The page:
If you’re an avid dog lover, becoming a dog walker for fun or profit can be a very rewarding experience. Many people start dog walking businesses as part or full-time jobs. This can be a very lucrative source of income since dog ownership is on the rise. However, some people like to help out their friends or neighbors for free by walking their dog when they go on vacation or on a business trip. It’s a great feeling to know you’ve helped someone out, and for a dog lover, it can be loads of fun and enjoyment at the same time.
I became a dog walker just for the fun of it. I like the good feeling I get knowing I’ve helped my friends out when I can be there to take care of their dogs when they’re out of town. I also truly love dogs, and I enjoy the special bond that I have with all of my friends’ dogs because of that extra special time that I get to spend with them when their Moms and Dads are away.
However, as fun and rewarding as dog walking can be, it is a serious business that doesn’t always go according to plan. In fact, I had one adventurous dog walking day recently that went anything but according to plan. And for everything that went wrong that day, I thought of a few good tips that I could share with my fellow or aspiring dog walkers to help you avoid or handle some of the problems that I faced that day.
That day of dog walking actually started-off well. I arrived on time to walk my friend’s German Shepherd, Hunter (not her real name), on my way to work. I smartly removed my fancy work shoes at the front door as I entered my friend’s home because Hunter is a submissive-type dog and has a habit of excitedly urinating on my feet when she greets me. That was pretty much the last thing that went right that day.
I let Hunter out into the back yard and walked outside with her. She ran around for a minute or two in the unfortunately damp yard, and then jumped up onto me with her muddy paws, leaving muddy paw prints all over the front of my white work blouse. This brings me to my first tip: dress for the job. Don’t wear clothes to your dog walking job that you would mind getting dirty. Or, throw something on over your good clothes in case the dog jumps up on you with her muddy paws.
While Hunter was out in the backyard, I went into the bathroom to try to wipe the paw prints off my shirt. After doing a halfway decent job, I returned to the kitchen to put some food in her dish. It was then that I saw my fancy work shoes strewn across the backyard lawn! Apparently my strategy of removing them at the door was not so smart since Hunter had thought I had left them there for her as a gift. I ran into the backyard to retrieve them, an action which Hunter naturally took to mean that I wanted to play a quick game of keep away with the shoes. Being that I have no ability to outrun a spry, young German Shepherd, I had to employ all of the tricks up my sleeve in order to outsmart her. Hence, my next tip: make sure to study a little bit about dog behavior. You see, if I were to have run after Hunter, she would simply have run away from me, carrying my shoe all the while, gleefully winning the game of keep away shoe. However, I ran away from her, causing her to chase me, a normal dog instinct, and thus bring me my shoe.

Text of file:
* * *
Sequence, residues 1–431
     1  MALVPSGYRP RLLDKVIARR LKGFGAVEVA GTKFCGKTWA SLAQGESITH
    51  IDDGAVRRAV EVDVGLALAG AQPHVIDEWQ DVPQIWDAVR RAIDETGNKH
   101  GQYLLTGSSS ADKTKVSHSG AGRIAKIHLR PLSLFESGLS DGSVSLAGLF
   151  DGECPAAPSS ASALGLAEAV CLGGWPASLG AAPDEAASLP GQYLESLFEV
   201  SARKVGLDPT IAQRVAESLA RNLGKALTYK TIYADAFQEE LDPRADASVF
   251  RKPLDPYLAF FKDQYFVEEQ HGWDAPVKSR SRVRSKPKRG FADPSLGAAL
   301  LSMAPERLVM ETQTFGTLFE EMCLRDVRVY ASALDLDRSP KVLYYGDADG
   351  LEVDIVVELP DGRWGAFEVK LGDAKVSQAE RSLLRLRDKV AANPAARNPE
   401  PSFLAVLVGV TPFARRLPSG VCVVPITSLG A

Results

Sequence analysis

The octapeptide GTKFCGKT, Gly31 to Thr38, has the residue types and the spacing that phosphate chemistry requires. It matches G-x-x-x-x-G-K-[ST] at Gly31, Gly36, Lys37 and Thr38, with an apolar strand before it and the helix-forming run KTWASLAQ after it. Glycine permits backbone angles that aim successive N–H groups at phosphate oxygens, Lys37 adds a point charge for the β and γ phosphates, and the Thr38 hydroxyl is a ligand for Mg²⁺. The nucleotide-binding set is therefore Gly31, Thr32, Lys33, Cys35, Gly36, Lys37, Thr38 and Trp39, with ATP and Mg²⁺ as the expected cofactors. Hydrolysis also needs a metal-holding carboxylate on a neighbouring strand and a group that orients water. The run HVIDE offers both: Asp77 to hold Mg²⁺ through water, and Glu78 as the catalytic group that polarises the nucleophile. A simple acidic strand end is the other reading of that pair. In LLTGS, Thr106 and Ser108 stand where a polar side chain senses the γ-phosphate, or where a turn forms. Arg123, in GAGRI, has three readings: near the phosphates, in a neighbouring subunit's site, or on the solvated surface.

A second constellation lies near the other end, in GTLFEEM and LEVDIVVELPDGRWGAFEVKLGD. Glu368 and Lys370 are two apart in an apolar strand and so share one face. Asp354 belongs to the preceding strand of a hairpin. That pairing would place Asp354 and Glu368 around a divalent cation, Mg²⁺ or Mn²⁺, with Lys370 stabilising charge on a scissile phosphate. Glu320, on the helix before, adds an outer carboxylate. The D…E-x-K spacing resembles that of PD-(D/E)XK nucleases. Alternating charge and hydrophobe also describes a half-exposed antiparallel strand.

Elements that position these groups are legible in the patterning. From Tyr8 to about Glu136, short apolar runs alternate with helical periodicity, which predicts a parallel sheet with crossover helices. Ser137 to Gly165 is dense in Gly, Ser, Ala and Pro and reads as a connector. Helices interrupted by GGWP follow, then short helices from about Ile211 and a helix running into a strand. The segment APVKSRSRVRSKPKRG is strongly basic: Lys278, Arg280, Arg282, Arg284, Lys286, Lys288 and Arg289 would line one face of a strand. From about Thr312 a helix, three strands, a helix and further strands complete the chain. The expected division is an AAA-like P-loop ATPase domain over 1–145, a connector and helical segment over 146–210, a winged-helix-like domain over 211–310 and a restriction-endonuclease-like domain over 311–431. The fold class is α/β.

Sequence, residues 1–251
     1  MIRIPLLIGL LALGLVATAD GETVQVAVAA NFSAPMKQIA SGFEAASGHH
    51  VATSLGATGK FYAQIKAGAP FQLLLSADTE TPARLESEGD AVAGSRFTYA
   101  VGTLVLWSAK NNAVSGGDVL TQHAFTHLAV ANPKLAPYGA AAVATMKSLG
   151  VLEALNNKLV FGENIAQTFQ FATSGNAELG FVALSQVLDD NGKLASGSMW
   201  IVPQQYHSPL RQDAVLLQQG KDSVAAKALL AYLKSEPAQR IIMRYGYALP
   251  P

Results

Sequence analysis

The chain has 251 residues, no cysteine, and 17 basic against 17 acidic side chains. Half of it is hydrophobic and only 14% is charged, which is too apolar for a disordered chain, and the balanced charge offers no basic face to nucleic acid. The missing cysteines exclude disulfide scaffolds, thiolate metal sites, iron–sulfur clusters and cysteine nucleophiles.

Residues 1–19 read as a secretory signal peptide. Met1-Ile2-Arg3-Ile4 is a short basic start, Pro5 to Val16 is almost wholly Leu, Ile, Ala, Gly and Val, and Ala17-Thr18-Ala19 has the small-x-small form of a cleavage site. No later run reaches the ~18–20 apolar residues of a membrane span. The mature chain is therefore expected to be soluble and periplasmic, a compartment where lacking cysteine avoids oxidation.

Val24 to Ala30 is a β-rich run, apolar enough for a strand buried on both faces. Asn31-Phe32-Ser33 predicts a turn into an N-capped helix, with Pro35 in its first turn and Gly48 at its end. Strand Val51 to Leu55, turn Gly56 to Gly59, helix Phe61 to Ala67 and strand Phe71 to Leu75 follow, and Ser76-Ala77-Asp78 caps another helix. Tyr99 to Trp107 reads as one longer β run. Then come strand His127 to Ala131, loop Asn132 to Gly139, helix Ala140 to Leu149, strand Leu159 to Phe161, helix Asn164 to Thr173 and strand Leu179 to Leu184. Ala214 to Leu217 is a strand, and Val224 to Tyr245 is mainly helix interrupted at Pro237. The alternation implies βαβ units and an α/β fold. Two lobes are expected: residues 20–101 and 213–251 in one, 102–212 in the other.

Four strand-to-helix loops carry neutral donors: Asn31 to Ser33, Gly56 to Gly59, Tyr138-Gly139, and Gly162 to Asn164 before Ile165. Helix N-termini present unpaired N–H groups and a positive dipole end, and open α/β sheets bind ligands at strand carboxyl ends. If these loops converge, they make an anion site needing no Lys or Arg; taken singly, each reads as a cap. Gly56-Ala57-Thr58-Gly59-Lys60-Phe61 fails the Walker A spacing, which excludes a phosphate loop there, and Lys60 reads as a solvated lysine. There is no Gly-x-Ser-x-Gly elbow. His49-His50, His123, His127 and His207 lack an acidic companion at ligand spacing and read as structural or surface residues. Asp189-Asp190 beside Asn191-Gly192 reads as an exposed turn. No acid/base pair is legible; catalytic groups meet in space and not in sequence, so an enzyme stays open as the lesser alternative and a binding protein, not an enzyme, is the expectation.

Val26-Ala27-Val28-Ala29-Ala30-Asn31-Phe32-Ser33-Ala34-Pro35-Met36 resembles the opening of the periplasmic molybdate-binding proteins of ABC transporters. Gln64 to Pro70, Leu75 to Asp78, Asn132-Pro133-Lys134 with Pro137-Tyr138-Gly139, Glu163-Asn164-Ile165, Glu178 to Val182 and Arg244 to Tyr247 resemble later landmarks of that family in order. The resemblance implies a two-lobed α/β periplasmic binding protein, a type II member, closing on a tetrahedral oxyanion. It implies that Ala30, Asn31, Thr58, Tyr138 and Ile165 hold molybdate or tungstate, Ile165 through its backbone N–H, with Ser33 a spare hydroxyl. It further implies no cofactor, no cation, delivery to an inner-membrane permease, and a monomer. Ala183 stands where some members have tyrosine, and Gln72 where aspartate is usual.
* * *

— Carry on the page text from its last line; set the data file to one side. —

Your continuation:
You may be thinking my article must be coming to an end. How much worse could this adventure in dog walking get? From muddy paw prints on a white shirt to a barefoot game of keep away shoe in the backyard, I’d sure met my challenges for that day. But truly the challenge had just begun. When I returned home from work that day, Hunter greeted me at the door with a plastic bottle that she had been chewing on. It was a now empty bottle of antacids!
A quick call to her owner told me that the bottle had been three quarters full, and another call to the emergency vet confirmed that Hunter would need to be observed all night for signs of calcium carbonate overdose! So, finally, we have arrived at my last and most important tip: be prepared for an emergency. Make sure that you have the number for the dog’s owner and your local emergency vet programmed on your cell phone so that you can contact them quickly in an emergency. Also, discuss contingency plans with the dog’s owner in case of an emergency. For example, what would you do in an emergency? Who would you call? Would you have the owner’s permission to bring the dog to the emergency vet if necessary? It can be quite expensive. And, what would you do if the dog you were watching had to be observed overnight due to an incident similar to the one I experienced with Hunter? In our case, we simply brought Hunter’s crate to our house and had a slumber party with her for the evening and everything worked out fine.
Along those lines, you should have the dog’s regular veterinary number programmed on your cell phone as well in case any minor questions come up. Further, go ahead and do a walk of the house on your first visit there. Don’t worry about invading your friend or client’s privacy when the health of his or her dog is at stake. Move any potential hazards, such as chocolate, antacids or other medicines out of reach. Also, if the dog has a dog crate, use it. If the owner’s don’t normally crate the dog while away, this is something you may want to discuss. The dog will be alone more than normal and may be out of sorts with its owners away. It might spare everyone a lot of trouble and worry to make use of the crate in this instance. Don’t worry; if a dog is crate trained, he or she will probably feel very comfortable in there and will get enough exercise by your frequent visits to walk and play with him or her.
I hope my crazy adventures in dog walking have helped to give you some tips that you can remember if you are or aspire to be a dog walker for fun or profit. If you remember to dress for the job, study up on dog behavior and plan ahead for emergencies, you’ll be off to a good start!